A year ago, I was almost purely a special occasion cook. I knew how to choose a good recipe out of the thousands on the Internet (or just flip to a page in one of Mom’s books). And I knew how to follow the recipe to get good results. Always aiming for the perfect, impressive, and complicated, I would prepare course after course, search for expensive wine, buy flowers, light candles, and set the table. Though mostly pleasurable, cooking was always such an ordeal.
But, it stands to reason that if something is difficult, you probably don’t want to do it very often. Over the last 12 months, however, I’ve been converted. Weeknight cooking is now my mainstay, and I continue to be surprised by how good it can be. I love the fast pace, the time constraints, the experimentation, and the screw ups.
But every once in a while, I still love to forget time and schedules and cook with complicated, impressive, ridiculous abandon. There is nothing like that overwhelming feeling of delight and pride when you take a bite of something you’ve so carefully made – surrounded by nice dishes, soft candle light, and good wine – and it’s just so freakin’ good. (And it ain’t bad when people tell you so, either.)
Last weekend was Dad’s birthday. With Mom and Maggy away on book tour, it was up to me to make sure Dad wasn’t alone – or worse, hungry – on his birthday. I figured a birthday was a better excuse than most to pull out all the stops.
For years I’ve wanted to attempt homemade gnocchi, and with autumn on its way, the idea of sweet potato gnocchi was absolutely stuck in my head. Tony’s Italian grandmother has taught him the simple art of gnocchi-making, so I figured with his knowledge and my enthusiasm we couldn’t fail. And let me tell you, we didn’t. The process was actually quite simple, and the finished product was unspeakably good – soft, light, savory pillows nestled up with sage, browned butter, and Parmigiano.
We also had some frozen beef short ribs that had lost their vacuum seal, as well as a head of cabbage that was getting on in days. (I know, we’re pathetic. Even with special meals, we can’t resist the urge to use up aging food.) So we braised the short ribs low and slow and served them over spicy sautéed cabbage. Anything braised on a bed of something is my favorite food in the world, and this was no different.
And since my father, who hardly ever eats dessert, can often be found standing in front of the freezer with a spoon in the carton of ice cream, we decided to finish off the meal with a simple homemade cinnamon-chocolate ice cream.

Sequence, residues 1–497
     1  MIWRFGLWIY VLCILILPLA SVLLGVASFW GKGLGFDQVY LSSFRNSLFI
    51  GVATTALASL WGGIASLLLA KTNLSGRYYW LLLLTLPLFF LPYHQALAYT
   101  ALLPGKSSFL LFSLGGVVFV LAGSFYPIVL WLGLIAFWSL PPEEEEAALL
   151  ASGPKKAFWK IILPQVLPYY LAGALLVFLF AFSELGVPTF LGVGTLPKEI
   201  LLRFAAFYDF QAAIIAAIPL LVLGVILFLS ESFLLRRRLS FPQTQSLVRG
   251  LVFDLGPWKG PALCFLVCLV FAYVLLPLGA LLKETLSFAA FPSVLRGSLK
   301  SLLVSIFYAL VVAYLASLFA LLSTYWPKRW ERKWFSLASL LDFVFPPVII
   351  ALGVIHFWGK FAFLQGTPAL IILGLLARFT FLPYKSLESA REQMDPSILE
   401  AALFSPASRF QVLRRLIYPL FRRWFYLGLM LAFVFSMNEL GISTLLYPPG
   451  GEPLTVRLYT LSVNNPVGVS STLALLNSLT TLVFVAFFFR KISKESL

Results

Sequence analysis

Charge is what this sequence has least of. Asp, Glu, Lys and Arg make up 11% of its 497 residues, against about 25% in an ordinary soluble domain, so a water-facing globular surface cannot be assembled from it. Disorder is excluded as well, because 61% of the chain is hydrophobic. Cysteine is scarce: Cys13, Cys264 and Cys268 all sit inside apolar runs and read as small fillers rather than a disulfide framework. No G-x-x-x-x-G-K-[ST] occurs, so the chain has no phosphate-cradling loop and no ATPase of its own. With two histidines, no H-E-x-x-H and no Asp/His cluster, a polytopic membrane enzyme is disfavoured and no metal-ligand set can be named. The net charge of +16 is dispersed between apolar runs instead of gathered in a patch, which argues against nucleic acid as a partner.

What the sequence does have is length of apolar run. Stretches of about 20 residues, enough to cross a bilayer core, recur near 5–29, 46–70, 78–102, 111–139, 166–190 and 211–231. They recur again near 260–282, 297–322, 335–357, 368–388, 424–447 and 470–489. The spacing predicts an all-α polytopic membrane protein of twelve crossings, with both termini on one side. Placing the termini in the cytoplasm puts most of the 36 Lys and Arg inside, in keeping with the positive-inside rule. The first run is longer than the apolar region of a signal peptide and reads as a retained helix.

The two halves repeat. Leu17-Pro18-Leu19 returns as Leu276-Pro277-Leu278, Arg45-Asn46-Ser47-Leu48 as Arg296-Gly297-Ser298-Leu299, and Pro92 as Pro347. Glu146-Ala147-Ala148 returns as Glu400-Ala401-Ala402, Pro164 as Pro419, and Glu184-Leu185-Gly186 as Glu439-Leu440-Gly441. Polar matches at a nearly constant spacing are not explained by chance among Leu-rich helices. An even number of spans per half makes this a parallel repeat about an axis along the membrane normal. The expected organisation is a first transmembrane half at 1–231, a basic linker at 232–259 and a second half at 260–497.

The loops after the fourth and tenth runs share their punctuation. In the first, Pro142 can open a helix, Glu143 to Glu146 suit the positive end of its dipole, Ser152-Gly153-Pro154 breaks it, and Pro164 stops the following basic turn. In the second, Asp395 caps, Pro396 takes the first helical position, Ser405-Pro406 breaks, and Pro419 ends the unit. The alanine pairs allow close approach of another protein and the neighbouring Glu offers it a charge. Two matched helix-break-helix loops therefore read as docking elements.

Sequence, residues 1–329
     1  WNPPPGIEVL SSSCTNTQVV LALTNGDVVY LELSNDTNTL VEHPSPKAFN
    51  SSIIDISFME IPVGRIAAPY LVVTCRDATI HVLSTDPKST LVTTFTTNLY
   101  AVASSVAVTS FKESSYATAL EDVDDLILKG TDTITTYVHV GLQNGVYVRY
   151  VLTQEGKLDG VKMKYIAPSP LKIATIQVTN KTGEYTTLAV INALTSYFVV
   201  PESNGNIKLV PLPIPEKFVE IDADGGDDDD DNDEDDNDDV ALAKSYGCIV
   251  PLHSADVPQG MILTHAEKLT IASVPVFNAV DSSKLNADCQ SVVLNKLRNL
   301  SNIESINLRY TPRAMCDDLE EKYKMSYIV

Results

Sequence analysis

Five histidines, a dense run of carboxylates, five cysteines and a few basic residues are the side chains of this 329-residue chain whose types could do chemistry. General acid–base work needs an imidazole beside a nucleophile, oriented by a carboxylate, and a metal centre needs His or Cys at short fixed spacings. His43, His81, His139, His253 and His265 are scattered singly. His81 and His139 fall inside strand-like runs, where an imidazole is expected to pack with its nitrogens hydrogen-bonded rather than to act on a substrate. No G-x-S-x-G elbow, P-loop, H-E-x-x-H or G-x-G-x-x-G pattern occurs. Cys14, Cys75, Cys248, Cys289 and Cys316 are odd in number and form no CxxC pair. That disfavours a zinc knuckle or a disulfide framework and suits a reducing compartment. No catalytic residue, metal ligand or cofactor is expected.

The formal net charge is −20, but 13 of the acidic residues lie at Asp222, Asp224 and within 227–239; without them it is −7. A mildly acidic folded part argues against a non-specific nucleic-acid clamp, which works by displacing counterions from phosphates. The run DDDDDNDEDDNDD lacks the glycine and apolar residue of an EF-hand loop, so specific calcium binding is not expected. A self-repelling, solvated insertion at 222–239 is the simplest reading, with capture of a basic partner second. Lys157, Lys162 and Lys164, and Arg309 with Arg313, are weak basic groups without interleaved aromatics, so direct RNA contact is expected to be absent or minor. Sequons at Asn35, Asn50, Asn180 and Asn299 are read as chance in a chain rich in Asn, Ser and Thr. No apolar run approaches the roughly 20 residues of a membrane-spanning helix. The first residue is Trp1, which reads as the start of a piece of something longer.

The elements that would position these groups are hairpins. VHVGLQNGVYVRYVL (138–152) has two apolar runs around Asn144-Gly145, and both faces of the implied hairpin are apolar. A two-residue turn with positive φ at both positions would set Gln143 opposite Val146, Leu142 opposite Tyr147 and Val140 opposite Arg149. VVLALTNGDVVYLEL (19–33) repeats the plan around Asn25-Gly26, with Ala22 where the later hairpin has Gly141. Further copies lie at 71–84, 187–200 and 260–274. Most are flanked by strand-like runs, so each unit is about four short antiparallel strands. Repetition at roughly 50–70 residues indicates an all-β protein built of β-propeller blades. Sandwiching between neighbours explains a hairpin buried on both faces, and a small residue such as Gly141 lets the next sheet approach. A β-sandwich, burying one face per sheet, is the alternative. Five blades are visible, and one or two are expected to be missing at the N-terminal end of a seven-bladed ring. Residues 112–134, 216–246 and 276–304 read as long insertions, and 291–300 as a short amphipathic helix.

The meal was wonderful, as much for the food and candlelight, as it was for the company (and the compliments from Dad). He seemed so grateful that we’d put in all that time and energy just for him. And he said many times that night – and I tend to agree with him – that a special meal is about the best present you can give someone.
Sweet potato gnocchi
Serves 8 to 10 as a first course
However you sauce these gnocchi, keep it simple so their flavor can shine. I sautéed the gnocchi in a sage browned butter after they came out of the boiling water. This quick sauté leaves the gnocchi slightly crisp and pleasantly brown on the outside and tender on the inside. This recipe is adapted from Epicurious.com.
3 medium-large sweet potatoes, halved lengthwise
12 ounces ricotta cheese (drained if watery)
1 cup grated Parmesan cheese, preferably Parmigiano Reggiano
1 1/2 teaspoons salt and ground black pepper
Pinch grated or ground nutmeg (optional)
About 2 cups of flour, more for rolling
Adjust oven to lowest position and heat oven to 400 degrees F. Place potatoes, cut side down on a small foil- or parchment-lined baking sheet. Bake until fork tender, about 30 minutes. Let cool slightly.
Holding the potato in a pot holder-protected hand, scoop potato flesh into a bowl to cool completely. (You’ll need about 3 cups); mash with a fork. Mix in ricotta. Add cheese, 1 1/2 teaspoons salt, several grinds of pepper, and nutmeg; mix until well blended.
Using more or less than the suggested amount, add flour 1/2 cup at a time and continue to mix until a soft (but not too sticky) dough has formed.
Divide dough into 6 pieces. Working 1 piece at a time, use your hands to roll dough into a long rope about 1/2 to 3/4 inch in diameter. Cut the rope into 3/4 inch lengths. If you’re feeling adventurous, roll each gnocchi over the tine of a fork to get those restaurant-style indentations.
Repeat the rolling and cutting with each portion of dough. Transfer gnocchi in a single layer to a large, rimmed baking sheet and freeze them for at least 30 minutes, which helps them hold together during boiling. (Can be frozen in zipper-lock freezer bags for up to 3 months.)
When ready to cook the gnocchi, bring a large pot of salted water to boil. Working in small batches, cook gnocchi until they start to float to the top – this indicates that they are cooked through. Remove with a slotted spoon and top as suggested (see above).